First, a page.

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Eliciting information on differential sensation of heat in those with and without poststroke aphasia using a visual analogue scale.

Korner-Bitensky N, et al. Stroke. 2006.

Abstract

BACKGROUND AND PURPOSE: Aphasia can result in an inability to communicate the presence, location, or intensity of pain. Although visual analogue scales (VASs) exist, it is unknown whether they are useful in assessing pain in individuals with aphasia. The objective was to determine whether those with poststroke aphasia could respond differentially to thermal stimuli of varying intensities using a standardized VAS.

METHODS: Five groups of participants were assessed: those without stroke, those with stroke but without aphasia, and 3 groups with varying degrees of aphasia. A 10-cm vertical VAS was used to measure responses to varying thermal intensities delivered on the participant's forearm.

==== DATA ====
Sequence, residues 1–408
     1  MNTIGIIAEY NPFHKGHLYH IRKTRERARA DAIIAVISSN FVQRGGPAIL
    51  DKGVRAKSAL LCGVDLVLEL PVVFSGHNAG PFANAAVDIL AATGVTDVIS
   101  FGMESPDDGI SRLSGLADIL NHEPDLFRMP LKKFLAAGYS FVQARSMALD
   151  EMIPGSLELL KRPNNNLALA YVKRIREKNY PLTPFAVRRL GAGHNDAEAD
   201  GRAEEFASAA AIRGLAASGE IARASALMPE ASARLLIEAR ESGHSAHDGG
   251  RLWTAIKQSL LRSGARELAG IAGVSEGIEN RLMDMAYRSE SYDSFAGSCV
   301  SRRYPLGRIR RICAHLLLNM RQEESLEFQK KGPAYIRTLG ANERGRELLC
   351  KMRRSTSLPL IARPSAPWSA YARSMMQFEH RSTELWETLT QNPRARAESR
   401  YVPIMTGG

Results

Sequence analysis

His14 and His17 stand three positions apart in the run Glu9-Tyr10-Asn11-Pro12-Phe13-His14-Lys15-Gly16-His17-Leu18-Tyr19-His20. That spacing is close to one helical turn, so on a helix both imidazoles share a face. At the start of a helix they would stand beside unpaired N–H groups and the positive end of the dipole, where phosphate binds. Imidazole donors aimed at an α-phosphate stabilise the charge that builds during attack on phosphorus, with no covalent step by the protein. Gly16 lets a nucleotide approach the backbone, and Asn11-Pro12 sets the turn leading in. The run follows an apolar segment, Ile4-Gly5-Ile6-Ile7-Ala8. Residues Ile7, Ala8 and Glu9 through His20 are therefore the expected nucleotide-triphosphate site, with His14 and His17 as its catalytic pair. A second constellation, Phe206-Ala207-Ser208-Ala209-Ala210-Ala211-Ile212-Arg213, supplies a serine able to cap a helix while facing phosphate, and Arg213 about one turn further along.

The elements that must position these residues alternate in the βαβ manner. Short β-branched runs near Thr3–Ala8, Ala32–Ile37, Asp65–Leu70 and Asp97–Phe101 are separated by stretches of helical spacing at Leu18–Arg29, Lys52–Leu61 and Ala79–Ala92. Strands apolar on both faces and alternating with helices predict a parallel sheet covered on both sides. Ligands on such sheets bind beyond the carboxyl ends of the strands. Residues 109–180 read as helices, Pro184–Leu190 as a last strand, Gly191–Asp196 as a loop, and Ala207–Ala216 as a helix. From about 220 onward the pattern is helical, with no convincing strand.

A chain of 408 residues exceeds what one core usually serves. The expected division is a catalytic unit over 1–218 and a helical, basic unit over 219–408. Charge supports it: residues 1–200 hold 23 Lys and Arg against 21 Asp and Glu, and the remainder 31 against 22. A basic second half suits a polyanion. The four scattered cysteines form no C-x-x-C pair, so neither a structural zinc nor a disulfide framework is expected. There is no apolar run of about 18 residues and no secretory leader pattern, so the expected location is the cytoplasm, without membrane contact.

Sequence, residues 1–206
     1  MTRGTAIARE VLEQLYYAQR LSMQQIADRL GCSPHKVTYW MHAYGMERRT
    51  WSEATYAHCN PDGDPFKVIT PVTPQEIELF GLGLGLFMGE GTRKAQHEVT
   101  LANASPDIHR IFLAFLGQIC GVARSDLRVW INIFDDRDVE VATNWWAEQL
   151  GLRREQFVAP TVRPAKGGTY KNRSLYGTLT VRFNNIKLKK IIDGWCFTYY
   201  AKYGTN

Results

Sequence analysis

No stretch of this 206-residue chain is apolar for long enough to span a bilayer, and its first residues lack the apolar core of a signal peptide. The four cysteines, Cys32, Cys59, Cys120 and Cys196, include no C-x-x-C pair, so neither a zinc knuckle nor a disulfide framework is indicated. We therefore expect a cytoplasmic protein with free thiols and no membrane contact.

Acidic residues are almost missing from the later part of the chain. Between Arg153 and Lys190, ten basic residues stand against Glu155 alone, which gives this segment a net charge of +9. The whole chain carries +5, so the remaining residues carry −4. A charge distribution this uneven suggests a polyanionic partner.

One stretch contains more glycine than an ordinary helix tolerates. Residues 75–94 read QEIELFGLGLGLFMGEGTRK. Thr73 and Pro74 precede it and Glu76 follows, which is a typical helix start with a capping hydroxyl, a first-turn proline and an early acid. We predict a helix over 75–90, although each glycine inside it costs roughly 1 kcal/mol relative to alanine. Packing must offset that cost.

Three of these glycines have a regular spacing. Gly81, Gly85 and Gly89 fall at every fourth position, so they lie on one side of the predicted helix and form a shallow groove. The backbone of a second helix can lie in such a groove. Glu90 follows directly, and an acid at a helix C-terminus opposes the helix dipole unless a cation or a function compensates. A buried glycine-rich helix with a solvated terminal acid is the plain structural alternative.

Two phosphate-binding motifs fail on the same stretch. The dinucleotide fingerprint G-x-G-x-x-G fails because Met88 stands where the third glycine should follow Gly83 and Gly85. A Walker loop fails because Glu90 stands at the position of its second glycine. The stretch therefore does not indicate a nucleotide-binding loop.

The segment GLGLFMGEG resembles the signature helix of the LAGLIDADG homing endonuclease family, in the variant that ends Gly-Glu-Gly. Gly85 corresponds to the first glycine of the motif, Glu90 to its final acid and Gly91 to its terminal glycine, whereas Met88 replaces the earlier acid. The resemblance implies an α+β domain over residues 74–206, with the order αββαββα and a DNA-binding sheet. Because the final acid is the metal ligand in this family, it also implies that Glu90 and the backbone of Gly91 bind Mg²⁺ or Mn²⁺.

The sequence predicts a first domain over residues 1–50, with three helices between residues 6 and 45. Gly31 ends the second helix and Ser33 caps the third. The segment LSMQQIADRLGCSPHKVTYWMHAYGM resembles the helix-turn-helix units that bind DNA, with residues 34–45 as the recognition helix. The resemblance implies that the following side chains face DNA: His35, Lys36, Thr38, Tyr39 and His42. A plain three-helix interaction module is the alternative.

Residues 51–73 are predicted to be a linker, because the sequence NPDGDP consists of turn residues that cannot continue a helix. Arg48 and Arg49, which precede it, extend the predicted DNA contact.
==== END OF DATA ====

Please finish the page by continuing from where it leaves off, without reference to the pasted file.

RESULTS: Across all 5 groups, a similar proportion demonstrated ability to discriminate between 2 temperatures (chi2=1.899; P=0.75). When presented with 4 temperatures, all groups performed more poorly, yet with similar success rates across groups (chi2=0.1267; P=0.88). The repeated-measures ANOVA revealed no effect of group but a significant effect of temperature (P<0.0001).

CONCLUSIONS: A VAS may be useful in clinical identification of differing intensities of stimuli in a substantial proportion of those with aphasia.

PMID

16373640 [PubMed - indexed for MEDLINE]

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